Everyone in the Church, precisely because they are members, receive and thereby share in the common vocation to holiness. In the fullness of this title and on equal par with all other members of the Church, the lay faithful are called to holiness: ‘All the faithful of Christ of whatever rank or status are called to the fullness of Christian life and to the perfection of charity’. ‘All of Christ’s followers are invited and bound to pursue holiness and the perfect fulfillment of their own state of life.’
The call to holiness is rooted in Baptism and proposed anew in the other Sacraments, principally in the Eucharist. Since Christians are reclothed in Christ Jesus and refreshed by his Spirit, they are ‘holy’. They therefore have the ability to manifest this holiness and the responsibility to bear witness to it in all that they do. The apostle Paul never tires of admonishing all Christians to live ‘as is fitting among saints’ (Eph 5:3).
Life according to the Spirit, whose fruit is holiness (cf. Rom 6:22;Gal 5:22), stirs up every baptized person and requires each to follow and imitate Jesus Christ, in embracing the Beatitudes, in listening and meditating on the Word of God, in conscious and active participation in the liturgical and sacramental life of the Church, in personal prayer, in family or in community, in the hunger and thirst for justice, in the practice of the commandment of love in all circumstances of life and service to the brethren, especially the least, the poor and the suffering” (no.16).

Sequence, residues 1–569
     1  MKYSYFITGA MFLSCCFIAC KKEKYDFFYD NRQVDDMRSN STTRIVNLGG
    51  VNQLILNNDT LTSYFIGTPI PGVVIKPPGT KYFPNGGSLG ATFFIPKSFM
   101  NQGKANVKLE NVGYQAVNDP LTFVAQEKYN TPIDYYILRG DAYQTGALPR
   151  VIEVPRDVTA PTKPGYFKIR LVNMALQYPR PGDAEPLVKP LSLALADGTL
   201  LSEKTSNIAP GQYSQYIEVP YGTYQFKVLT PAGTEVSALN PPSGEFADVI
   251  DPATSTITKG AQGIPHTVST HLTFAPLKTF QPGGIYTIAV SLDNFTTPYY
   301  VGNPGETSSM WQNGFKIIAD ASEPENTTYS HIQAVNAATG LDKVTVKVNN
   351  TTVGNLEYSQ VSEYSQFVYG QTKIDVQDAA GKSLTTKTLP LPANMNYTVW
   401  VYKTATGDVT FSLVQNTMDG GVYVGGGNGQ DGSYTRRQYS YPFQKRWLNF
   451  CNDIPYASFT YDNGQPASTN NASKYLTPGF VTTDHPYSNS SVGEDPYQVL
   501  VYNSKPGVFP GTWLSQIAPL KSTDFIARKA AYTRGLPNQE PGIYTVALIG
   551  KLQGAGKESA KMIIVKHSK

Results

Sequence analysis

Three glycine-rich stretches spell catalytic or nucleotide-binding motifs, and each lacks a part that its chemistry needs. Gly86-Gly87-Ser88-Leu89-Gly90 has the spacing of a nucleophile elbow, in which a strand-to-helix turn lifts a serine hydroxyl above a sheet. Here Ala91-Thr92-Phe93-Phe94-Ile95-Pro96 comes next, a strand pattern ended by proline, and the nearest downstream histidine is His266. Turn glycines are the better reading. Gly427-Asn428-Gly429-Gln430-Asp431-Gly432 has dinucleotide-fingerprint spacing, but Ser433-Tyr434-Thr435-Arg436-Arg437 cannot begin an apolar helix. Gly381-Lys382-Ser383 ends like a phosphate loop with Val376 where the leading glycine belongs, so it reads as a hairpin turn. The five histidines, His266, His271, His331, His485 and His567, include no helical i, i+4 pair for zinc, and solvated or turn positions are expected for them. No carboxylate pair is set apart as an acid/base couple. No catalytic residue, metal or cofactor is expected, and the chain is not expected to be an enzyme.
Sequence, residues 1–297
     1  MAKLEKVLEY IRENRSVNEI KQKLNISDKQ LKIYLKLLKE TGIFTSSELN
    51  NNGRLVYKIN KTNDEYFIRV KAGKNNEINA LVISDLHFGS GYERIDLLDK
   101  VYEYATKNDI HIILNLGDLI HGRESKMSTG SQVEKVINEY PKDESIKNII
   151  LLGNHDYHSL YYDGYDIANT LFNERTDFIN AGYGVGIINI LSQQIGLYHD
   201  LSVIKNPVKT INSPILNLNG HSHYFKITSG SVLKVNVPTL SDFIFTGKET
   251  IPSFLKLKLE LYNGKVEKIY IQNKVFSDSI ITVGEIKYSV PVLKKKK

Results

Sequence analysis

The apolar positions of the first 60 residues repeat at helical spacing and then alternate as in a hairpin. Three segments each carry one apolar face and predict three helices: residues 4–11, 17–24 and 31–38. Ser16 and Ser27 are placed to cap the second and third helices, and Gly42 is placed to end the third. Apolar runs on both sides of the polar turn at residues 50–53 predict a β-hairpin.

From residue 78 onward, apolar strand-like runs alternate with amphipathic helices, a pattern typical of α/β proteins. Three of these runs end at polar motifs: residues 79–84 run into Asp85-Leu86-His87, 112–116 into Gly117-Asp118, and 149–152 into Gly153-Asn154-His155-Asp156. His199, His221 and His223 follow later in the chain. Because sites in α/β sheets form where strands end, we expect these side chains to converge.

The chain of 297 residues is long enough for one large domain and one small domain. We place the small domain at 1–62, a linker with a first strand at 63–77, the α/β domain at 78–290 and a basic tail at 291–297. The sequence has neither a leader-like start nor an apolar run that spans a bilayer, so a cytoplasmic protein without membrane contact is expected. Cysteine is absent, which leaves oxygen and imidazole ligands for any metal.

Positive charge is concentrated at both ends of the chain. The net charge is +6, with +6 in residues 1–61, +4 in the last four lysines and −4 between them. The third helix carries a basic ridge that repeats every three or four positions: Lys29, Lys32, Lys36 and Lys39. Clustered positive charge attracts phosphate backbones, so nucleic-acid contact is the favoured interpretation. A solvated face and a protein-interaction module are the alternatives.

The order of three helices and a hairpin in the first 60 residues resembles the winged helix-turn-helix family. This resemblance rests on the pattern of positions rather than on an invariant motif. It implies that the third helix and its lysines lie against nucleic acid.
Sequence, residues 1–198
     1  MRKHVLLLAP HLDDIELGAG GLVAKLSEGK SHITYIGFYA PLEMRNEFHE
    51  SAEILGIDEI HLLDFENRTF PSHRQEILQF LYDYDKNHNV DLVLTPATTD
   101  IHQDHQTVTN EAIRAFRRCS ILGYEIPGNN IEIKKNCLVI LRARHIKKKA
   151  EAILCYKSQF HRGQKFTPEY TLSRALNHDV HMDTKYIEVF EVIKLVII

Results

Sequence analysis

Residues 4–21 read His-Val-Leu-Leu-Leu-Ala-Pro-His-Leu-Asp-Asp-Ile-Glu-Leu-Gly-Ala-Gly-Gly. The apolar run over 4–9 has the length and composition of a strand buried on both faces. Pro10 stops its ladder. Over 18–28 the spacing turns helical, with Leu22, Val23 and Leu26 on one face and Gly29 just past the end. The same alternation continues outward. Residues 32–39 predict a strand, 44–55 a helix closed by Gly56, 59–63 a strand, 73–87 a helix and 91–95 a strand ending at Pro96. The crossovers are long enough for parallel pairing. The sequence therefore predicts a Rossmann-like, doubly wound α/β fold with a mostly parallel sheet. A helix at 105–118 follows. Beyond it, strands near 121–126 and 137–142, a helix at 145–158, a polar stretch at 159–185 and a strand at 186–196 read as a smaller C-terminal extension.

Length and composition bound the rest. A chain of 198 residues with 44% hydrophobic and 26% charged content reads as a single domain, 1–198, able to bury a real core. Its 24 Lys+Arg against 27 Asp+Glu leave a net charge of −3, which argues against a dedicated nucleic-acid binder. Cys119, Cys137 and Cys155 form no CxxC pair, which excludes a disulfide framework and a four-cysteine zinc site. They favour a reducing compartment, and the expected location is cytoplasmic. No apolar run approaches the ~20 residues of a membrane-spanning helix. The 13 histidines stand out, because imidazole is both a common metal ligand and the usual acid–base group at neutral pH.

In no other saint can I see these prophetic words of Christifideles laici happily fall into place than in the life of St. Joseph Moscati. This great doctor with a huge heart, who used his profession not to enrich himself from the poor’s pockets but rather to enrich them by giving himself fully to them. His is truly a life of remarkable generosity! His living witness of Christ as the Good Samaritan, remains an outstanding icon of what Christian love really is. His human and gospel approach toward his patients and even to the countless number of students, which he magnificently taught at Naples University, shows that holiness is part and parcel with being and rendering sound professional service. St Joseph Moscati’s life enfleshes a reflective thought he used to share with his students: “Not science but charity has transformed the world”.